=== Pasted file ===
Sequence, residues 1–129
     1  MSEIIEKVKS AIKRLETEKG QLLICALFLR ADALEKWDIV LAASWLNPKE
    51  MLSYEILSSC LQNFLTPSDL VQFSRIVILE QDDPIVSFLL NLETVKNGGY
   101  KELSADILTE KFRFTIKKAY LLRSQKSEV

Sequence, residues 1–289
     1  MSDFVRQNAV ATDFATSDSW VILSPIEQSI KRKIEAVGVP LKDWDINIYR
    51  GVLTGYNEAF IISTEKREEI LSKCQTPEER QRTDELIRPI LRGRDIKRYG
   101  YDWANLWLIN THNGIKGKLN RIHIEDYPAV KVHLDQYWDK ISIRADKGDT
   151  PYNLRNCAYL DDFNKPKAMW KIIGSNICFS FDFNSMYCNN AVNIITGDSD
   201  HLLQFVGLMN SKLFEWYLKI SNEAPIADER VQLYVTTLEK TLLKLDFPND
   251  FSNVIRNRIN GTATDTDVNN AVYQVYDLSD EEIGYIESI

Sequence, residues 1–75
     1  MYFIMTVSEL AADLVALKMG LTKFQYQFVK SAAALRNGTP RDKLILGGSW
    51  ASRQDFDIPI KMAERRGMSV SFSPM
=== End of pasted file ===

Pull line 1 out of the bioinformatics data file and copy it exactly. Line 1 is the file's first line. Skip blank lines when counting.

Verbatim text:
Sequence, residues 1–129